How exactly are Sport & Play used in the “Girls Ahead!” project?

For a concrete example of how Sport & Play are used in the “Girls Ahead!” project, let’s have a look into the “Knowing my Rights” game introduced during this year’s SRHR training. The goal of this simple game is for the girls to learn about their rights and be aware of the means and strategies to effectively enforce those rights in practice.

The game is led by local trainers who have previously been trained by SA4D. Several girls are selected to play the role of “discriminators” and “rights-deniers”; they position themselves on one side of the playing field. The other girls go to the opposite side and play as themselves, i.e. girls with rights. The latter are holding on to their rights, symbolized by their hands folded into each other. Their goal is to reach the other side of the playing field while holding on to their rights. The goal of the “discriminators” group, on the other hand, is to stop them and to “capture” the locked hands of the girls with their own hands, that is, to clap their own hands around the interlocked hands, thus symbolically taking away the girls’ rights. After each round, the roles are exchanged.

In the game “Knowing my Rights”, the girls hold their rights in their folded hands. Others try to take them away from them.

In the game originally, the rights are symbolized by balls that had to be dribbled from one side to the other. When it was first implemented as part of a community awareness activity in the “Girls Ahead!” project, there were not enough balls available for the large number of participants, and the sandy ground made it difficult to bounce the balls, so the game was adapted. This illustration comes to show that SA4D’s games are designed to be flexible and adaptable to different local conditions.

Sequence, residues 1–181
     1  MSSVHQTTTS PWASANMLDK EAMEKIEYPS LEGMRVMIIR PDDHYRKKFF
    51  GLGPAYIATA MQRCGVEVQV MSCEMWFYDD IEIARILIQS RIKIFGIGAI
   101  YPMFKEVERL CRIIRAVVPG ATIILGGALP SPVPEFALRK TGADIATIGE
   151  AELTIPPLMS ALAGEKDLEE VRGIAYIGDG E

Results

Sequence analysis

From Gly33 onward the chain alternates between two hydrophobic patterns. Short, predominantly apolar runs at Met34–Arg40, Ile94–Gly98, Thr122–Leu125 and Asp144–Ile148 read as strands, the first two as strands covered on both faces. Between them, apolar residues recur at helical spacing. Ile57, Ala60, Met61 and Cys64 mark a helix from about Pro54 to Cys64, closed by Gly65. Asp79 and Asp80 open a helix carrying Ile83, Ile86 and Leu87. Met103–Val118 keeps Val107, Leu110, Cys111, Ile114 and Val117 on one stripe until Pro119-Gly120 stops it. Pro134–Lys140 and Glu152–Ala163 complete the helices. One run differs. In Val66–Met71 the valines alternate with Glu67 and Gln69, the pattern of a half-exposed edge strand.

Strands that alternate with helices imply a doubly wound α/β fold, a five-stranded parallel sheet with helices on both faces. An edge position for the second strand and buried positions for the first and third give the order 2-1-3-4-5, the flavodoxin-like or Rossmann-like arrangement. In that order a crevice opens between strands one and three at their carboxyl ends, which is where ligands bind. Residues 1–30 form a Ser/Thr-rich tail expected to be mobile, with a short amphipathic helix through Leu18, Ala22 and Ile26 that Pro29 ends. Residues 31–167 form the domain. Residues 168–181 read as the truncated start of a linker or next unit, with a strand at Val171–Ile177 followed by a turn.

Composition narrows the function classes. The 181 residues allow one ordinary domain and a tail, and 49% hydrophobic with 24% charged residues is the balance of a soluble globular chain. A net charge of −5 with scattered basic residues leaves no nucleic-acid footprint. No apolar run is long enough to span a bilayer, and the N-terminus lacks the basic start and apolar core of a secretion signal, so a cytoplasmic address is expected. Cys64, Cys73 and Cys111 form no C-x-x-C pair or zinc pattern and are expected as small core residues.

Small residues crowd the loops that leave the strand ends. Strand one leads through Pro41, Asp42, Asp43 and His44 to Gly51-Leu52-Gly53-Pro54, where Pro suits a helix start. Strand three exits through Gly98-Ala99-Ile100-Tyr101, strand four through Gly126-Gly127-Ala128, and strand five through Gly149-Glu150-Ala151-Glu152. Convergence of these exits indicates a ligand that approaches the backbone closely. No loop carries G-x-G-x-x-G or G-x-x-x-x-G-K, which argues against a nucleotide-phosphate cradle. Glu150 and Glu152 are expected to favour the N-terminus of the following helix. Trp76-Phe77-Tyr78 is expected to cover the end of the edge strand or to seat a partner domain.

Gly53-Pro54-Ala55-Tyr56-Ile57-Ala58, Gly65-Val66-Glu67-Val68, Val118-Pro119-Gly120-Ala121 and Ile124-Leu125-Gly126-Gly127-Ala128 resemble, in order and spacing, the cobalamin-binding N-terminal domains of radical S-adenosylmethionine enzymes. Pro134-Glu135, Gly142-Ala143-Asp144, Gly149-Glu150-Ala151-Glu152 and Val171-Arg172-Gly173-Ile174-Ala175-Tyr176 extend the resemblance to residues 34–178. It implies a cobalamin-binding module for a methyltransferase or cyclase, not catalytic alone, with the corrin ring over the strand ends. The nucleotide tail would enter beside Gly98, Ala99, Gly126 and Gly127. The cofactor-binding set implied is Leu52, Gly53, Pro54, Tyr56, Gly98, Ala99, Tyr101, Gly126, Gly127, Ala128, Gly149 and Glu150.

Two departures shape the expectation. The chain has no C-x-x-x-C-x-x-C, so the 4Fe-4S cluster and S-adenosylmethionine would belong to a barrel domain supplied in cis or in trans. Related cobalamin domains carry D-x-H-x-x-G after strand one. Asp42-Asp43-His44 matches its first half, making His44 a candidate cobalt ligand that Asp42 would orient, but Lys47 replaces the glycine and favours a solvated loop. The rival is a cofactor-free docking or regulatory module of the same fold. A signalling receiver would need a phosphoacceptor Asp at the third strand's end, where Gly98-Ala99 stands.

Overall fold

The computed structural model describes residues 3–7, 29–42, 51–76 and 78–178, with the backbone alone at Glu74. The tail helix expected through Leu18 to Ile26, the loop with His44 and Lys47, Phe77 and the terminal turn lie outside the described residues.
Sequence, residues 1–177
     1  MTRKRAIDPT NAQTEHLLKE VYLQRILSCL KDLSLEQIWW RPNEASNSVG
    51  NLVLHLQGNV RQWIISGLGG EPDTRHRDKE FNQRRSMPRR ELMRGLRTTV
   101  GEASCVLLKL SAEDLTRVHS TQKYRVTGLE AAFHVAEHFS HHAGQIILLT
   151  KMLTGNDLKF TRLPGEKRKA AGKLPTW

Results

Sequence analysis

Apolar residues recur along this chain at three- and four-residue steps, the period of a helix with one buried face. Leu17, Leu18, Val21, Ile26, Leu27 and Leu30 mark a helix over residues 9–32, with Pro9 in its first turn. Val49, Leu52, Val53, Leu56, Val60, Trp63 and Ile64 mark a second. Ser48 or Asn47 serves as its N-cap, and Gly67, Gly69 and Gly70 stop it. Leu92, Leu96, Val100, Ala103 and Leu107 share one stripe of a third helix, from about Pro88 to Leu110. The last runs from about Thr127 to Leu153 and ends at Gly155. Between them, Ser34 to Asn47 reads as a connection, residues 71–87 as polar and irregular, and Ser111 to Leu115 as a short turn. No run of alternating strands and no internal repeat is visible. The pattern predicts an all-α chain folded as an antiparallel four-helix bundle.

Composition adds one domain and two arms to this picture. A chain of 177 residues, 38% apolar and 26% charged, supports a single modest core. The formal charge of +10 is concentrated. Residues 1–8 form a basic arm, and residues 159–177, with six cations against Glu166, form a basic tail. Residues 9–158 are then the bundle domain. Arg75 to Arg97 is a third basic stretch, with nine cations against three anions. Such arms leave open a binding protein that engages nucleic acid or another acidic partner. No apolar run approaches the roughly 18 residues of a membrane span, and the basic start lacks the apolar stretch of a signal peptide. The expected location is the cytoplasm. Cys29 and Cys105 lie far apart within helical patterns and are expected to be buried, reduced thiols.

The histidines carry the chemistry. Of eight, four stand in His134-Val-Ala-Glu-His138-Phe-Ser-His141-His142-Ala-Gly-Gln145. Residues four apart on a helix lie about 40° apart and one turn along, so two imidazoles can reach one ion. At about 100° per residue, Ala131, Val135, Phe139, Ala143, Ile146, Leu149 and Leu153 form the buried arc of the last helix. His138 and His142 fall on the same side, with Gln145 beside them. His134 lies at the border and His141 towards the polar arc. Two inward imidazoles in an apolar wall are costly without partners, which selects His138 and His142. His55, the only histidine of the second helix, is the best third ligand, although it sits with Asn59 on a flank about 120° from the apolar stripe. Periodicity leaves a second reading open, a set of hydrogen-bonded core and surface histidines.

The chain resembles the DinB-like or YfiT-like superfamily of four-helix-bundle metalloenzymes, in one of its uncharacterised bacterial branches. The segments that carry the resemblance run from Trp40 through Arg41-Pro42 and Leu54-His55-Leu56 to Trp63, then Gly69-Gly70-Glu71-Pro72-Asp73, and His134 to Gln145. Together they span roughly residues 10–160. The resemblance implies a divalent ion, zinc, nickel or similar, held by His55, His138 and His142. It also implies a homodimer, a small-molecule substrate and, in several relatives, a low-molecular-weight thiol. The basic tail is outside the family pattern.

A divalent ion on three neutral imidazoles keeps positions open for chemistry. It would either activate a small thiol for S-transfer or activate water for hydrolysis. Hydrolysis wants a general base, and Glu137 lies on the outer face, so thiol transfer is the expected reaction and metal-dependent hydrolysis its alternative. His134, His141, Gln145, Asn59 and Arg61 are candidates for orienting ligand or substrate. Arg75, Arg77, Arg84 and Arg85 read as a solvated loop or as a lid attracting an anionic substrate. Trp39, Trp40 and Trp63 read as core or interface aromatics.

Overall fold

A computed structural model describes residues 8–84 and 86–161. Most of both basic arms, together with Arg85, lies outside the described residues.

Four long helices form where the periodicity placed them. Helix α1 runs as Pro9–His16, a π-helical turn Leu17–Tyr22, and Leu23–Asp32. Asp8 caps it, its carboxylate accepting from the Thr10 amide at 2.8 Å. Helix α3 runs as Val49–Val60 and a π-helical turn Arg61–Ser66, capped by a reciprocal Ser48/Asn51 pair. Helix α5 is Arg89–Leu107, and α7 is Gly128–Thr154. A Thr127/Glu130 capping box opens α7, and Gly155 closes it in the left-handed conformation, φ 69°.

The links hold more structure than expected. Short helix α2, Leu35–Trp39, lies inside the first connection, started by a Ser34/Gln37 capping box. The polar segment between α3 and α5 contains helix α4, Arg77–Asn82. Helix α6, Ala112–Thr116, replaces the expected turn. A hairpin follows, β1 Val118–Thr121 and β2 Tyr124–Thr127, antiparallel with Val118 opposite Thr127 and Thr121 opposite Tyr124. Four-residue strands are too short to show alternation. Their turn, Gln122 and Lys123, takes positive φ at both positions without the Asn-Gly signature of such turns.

Based on the experiences and emotions perceived during the Sport & Play activity, a discussion is then held with the girls. The discussion is guided by the local trainers who follow the “Interactive Learning Cycle” that consists of three parts: Reflect, Connect and Apply.

In the first part, the focus is on the game itself. The girls reflect on whether they like the game and why (not)? Did they learn anything? How did it feel when their “rights” were taken away?

During the subsequent “connection”, the rights of girls are discussed. What rights do they have? Does everyone have rights? What could the playing field symbolize; perhaps life, in which we encounter denial of rights every now and then? What does it mean when a right is taken away from me? Has someone already been deprived of a right? What are the reasons why we are sometimes unable to assert our rights?

In the last part, the girls apply what they have learned to their life context. Questions are discussed, such as what they can do if someone denies them their rights and what support systems are available. In addition, how can they support each other when someone is denied a right? And more generally, are there people at all in their close environment who can deny them their rights?